Macquarie University Arts Precinct

Group GSA used pavers of varying tones and thicknesses to help knit together a collection of buildings and open spaces.

“There was an emphasis on creating outdoor learning spaces which were flexible, supported engagement and included smart technology,” Ratcliffe says, citing the rooftop garden as an example. “We also needed to develop a well-defined hierarchy of spaces, offering different experiences within a clearly legible framework.”

The team decided to deploy a variety of Urbanstone pavers throughout the precinct’s pedestrian areas. “We used Urbanstone as the main paver to provide a consistent material on the ground plane,” Ratcliffe says.

Paver colours and sizes were then further manipulated to contribute to the hierarchy of spaces. “For example, the medium paver size in one colour highlights the main connection between the precinct and the university’s pedestrian spine, and between new and existing buildings. The smaller paver was used for ‘dwelling’ or pause spaces.”

Urbanstone pavers also extended to the adjoining service road, highlighting this zone as a ‘shared’ space for pedestrians and occasional vehicle traffic. Ratcliffe’s team used 40mm-thick pavers for the majority of the public-realm areas but switched to the 60mm thickness in areas that required vehicle loading.

Ratcliffe believes the use of pavers succeeds for several reasons. “Firstly, the pavers work well with the materials and textures of the existing built form,” she says. “They relate to the brickwork and the off-form concrete columns, while making the scale of spaces more pedestrian in nature. In addition, the colour mix was considered a good choice in highly trafficked areas, providing variation and interest at the ground plane.”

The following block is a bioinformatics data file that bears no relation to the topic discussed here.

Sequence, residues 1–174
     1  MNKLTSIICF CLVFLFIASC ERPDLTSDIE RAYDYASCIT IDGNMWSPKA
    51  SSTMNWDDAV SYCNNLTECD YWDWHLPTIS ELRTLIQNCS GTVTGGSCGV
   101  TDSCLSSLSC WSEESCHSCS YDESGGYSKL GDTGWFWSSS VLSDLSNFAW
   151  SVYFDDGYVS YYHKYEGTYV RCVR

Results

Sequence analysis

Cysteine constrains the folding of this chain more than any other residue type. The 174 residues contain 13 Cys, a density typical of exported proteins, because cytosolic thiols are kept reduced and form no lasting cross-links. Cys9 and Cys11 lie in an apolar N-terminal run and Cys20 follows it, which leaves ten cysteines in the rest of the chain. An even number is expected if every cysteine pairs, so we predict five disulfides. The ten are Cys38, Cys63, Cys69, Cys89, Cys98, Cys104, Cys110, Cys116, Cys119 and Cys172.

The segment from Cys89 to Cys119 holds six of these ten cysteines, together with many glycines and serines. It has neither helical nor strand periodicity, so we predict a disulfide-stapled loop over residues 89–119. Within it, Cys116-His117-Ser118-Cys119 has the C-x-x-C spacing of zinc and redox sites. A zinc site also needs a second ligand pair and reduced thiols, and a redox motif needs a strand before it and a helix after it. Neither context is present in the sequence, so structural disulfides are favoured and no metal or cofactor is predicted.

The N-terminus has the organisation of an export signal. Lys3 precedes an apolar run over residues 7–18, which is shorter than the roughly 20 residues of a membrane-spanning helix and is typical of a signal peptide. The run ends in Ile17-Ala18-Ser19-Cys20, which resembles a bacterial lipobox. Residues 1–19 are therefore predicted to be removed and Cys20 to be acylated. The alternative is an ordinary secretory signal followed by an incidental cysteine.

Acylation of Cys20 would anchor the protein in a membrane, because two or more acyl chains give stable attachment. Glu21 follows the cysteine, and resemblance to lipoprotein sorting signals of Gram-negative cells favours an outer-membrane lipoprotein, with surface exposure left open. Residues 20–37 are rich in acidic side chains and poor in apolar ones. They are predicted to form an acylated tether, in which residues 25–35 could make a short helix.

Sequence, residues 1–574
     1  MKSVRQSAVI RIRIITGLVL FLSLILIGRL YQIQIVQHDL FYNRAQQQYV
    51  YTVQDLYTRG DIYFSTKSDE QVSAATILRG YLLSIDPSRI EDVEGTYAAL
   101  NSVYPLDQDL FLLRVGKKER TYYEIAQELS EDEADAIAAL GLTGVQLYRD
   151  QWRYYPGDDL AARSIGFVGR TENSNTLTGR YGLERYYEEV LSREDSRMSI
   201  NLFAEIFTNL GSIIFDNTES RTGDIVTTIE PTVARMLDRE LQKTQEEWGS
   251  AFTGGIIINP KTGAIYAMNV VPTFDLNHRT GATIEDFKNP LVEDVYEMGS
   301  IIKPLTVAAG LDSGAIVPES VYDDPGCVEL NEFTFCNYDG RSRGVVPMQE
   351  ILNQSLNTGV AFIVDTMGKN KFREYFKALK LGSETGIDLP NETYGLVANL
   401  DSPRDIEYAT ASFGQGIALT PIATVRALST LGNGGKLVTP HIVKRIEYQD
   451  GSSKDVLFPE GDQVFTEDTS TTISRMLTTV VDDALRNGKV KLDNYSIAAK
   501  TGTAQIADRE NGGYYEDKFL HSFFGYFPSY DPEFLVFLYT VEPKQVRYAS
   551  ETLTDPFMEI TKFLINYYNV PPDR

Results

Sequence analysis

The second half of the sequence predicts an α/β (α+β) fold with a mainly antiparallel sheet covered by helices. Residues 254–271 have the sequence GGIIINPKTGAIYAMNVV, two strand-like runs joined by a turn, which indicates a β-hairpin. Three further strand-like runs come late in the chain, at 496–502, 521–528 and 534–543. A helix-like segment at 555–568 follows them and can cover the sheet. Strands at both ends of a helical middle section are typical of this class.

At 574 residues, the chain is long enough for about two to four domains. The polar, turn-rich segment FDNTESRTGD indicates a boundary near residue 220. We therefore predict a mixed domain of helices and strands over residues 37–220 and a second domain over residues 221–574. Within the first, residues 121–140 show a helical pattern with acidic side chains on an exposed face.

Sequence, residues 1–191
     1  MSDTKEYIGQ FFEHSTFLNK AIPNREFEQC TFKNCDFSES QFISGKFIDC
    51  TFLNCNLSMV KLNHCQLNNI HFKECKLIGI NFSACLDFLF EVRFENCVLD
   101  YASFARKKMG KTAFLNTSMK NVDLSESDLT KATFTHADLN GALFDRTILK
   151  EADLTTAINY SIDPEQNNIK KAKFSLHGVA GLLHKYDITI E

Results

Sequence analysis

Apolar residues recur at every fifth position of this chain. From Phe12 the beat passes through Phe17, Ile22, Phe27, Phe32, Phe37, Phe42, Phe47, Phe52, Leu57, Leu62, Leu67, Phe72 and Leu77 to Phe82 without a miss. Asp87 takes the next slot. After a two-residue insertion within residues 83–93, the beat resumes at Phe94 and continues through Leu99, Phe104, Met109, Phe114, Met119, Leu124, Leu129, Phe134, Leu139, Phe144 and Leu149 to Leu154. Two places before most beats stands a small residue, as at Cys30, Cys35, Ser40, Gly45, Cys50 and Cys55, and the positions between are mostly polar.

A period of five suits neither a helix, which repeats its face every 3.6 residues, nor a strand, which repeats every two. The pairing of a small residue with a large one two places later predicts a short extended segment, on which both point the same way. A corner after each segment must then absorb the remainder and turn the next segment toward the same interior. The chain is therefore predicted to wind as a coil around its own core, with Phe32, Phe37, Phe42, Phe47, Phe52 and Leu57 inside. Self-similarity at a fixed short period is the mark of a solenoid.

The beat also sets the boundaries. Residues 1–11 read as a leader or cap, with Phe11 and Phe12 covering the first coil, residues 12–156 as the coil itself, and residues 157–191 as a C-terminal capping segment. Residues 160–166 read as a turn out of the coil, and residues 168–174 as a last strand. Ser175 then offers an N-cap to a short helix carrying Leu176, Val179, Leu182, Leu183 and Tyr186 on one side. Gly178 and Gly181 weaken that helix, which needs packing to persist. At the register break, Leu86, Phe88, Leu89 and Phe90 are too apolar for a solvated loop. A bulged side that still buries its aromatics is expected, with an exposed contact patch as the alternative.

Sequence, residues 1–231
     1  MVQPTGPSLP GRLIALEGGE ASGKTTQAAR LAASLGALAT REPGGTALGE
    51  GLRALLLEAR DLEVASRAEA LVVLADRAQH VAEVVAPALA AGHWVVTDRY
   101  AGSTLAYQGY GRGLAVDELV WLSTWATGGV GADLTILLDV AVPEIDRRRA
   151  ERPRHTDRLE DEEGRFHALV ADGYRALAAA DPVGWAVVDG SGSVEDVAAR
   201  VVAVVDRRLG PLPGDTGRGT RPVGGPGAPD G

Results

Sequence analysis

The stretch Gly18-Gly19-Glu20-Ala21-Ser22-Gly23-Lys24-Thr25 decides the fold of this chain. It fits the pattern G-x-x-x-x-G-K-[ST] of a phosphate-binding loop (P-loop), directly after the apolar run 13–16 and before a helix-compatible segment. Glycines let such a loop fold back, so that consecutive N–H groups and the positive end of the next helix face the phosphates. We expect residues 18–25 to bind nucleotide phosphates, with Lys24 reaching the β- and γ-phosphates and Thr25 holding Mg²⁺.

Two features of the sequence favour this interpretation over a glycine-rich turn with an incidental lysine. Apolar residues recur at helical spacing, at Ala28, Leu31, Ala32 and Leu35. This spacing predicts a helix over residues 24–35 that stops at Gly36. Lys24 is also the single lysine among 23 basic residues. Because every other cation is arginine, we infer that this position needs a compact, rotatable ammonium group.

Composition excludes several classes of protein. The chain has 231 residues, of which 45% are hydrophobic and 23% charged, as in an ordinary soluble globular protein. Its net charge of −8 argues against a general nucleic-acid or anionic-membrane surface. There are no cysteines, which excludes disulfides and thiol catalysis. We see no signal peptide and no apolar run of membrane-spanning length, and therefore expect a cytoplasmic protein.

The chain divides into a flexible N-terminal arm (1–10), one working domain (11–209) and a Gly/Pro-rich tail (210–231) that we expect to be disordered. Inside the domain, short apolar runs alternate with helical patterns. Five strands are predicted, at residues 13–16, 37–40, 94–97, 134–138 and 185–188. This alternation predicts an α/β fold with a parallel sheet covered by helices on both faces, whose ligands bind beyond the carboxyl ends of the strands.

The use of Urbanstone pavers throughout the precinct also helps ‘knit together’ the existing Arts buildings and the new construction, “providing a consistency of materials and design language”. And the use of different colours and sizes helps guide pedestrians from one space to the next.

Ratcliffe says her team is proud of its work on the precinct. “Overall, it has created a well-connected public domain of stimulating, highly resolved outdoor spaces that drive the new generation ‘smart’ academic environment for staff and students to engage in.”

“The pavers relate to the brickwork and the off-form concrete columns, while making the scale of spaces more pedestrian in nature”